U.S. Reps. Diane Black and Jim Cooper say they will donate their salaries to charity during the partial shutdown of the federal government.
Black, R-Gallatin, announced she will sign over her paycheck to the Wounded Warrior Project. Cooper, D-Nashville, said he will donate his to Second Harvest of Middle Tennessee until Congress and the White House resolve the impasse that has forced about 800,000 federal workers nationwide to be sent home without pay.
The announcements come amid criticism that members of Congress have continued to receive their $174,000-a-year salaries during the shutdown. The 27th Amendment to the Constitution prohibits raises or cuts in congressional pay during a two-year session.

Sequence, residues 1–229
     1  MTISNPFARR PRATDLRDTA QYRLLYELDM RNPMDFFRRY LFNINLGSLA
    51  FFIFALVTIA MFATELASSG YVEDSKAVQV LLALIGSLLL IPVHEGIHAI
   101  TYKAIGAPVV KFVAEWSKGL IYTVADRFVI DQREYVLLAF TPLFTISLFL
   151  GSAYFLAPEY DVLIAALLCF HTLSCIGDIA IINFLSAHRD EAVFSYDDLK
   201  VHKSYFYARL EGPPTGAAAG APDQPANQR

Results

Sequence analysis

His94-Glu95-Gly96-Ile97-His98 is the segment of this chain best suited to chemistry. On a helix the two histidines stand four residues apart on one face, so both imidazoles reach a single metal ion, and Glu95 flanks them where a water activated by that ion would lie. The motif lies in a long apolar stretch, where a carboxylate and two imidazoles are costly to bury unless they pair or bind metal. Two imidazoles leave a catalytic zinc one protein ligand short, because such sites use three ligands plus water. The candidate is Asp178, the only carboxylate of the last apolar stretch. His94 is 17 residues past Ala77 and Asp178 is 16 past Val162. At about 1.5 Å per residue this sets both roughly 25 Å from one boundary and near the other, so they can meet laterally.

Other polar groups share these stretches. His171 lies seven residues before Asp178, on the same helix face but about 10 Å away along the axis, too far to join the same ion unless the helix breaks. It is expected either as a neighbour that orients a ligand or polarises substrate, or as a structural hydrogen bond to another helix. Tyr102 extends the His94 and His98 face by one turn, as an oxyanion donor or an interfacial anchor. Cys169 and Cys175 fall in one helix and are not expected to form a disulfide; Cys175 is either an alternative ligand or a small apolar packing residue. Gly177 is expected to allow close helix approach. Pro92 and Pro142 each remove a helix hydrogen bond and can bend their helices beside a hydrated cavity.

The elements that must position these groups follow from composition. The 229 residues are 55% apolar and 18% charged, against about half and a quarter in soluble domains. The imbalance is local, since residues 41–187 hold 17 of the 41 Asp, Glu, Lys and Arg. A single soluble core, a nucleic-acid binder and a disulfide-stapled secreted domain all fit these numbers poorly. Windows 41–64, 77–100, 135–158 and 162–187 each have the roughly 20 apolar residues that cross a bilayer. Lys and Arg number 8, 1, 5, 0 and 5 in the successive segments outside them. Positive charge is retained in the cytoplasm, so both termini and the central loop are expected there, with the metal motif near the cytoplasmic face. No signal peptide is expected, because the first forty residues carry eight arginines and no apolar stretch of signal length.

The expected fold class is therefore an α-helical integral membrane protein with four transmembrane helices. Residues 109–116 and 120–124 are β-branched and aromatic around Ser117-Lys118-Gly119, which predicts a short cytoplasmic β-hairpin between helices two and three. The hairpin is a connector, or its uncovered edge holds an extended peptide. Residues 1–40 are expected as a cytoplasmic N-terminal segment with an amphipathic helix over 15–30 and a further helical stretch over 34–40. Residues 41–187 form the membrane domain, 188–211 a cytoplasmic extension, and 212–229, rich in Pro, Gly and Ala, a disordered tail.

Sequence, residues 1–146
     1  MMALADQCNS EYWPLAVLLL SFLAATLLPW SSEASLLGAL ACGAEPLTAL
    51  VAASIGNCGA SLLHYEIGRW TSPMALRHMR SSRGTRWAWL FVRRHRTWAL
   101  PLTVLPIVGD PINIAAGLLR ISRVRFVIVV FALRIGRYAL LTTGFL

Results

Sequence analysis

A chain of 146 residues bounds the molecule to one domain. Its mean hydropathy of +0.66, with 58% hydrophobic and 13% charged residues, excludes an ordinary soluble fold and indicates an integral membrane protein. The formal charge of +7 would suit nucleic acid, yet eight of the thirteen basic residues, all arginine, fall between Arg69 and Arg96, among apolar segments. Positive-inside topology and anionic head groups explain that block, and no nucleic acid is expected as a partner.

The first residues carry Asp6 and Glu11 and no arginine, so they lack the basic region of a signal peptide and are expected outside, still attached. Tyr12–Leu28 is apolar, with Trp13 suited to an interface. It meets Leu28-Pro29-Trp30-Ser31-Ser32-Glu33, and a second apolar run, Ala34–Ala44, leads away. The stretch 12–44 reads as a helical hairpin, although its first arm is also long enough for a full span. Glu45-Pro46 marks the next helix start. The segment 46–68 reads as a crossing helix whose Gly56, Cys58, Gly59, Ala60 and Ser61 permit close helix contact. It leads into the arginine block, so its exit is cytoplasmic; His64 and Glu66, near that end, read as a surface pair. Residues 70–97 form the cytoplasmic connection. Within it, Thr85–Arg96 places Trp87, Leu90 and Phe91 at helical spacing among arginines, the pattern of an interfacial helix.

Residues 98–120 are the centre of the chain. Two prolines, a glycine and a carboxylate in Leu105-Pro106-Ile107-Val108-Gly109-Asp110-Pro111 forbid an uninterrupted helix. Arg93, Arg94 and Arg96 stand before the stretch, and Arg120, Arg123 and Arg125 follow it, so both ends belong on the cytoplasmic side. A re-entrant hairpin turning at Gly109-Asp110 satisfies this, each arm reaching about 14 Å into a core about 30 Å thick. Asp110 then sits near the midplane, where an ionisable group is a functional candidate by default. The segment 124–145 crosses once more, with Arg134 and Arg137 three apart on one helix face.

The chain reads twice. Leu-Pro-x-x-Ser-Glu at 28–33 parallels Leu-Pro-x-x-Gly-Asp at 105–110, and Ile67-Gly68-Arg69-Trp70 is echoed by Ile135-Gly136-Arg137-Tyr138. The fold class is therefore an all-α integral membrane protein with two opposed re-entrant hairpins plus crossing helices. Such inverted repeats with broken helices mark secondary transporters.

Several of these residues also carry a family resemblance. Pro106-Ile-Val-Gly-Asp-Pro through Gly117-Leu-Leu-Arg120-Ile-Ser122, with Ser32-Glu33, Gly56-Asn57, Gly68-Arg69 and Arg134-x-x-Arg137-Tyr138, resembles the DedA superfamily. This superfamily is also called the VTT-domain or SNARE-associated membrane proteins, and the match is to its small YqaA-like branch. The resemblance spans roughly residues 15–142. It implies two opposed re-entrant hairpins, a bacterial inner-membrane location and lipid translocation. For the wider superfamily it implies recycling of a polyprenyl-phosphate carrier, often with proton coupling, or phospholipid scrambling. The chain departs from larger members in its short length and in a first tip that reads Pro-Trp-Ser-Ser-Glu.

On the other side of Capitol Hill, U.S. Sen. Lamar Alexander also plans to donate his salary during the shutdown to charity, a spokesman said. U.S. Sen. Bob Corker, meanwhile, has donated his salary to the Community Foundation of Greater Chattanooga since taking office in 2007.
According to public disclosures, Alexander, Corker, Black and Cooper all have personal wealth of several million dollars or more apiece.
Spokesmen for U.S. Reps. Marsha Blackburn, R-Brentwood, and Scott DesJarlais, R-South Pittsburg, said they will continue to accept their salaries. Both list personal fortunes under $1 million.